Let's Go Outside
I have always thought that being around nature so much as a child in the Adirondacks overexposed me, and made me want to have nothing to do with it. All of those childhood camping trips, season ski passes, and "go outside and play" demands would be a lot more fun if they were my decision.* If you were to ask the high school version of me what I thought of the outdoors, hiking, camping, and generally being outside, I would say that I hated it. I would conclude that I could not wait to retreat to the asphalt covered New York City where I would never suffer from mosquito bites again.
Being removed from nature in flat, flat Buffalo; going to graduate school in environmentally-conscious Burlington, Vermont; becoming vegan; and just having time apart have renewed my interest in the beauty of nature. I'll never move to a log cabin in the middle of the woods, and I may never go camping in a tent for a week without an actual toilet again, but I am starting to see the beauty in a renewed way. I even own plants now!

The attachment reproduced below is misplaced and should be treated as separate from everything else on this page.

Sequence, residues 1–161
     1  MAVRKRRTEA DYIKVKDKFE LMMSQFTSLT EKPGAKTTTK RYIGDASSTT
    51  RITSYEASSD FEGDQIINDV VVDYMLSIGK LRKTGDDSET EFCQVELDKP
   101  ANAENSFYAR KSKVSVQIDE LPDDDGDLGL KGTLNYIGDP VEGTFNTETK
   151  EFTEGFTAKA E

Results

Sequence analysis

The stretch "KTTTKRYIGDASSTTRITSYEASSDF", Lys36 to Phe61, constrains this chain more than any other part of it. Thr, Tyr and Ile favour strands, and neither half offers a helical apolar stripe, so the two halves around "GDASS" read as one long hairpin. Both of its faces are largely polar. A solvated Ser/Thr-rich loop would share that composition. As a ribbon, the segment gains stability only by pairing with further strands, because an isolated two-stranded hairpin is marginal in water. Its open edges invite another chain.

I spent my vacation time this summer exploring the magical gorges in Ithaca and the so-hard-to-articulate-because-the-beauty-is-overwhelming Fallingwaters. My sister, Kerri, and I tasted wines from the Finger Lakes. I highly recommend the Americana and The Thirsty Owl Wineries. Kerri and I both took home bottles of Apparition, named after the ghost at Americana, and Snow Owl. I learned that I actually enjoy white wines, and have expanded my palate beyond Pinot Noir. We hiked up Buttermilk Falls and enjoyed it completely. Fallingwaters deserves a blog post all its own.** It was the single most beautiful home I have ever been inside.
There is no chance of my resignation from a city life. I love the sounds of the city, the convenience, arts and culture, and friends. Still, I'm happy to see growth and interest, to discover beauty in, for me, unexpected places.
* I understand that saying this makes me sound like a spoiled, ungrateful child. My apologies.
**I plan on writing one on Frank Lloyd Wright's architecture after I visit Graycliff later this summer.
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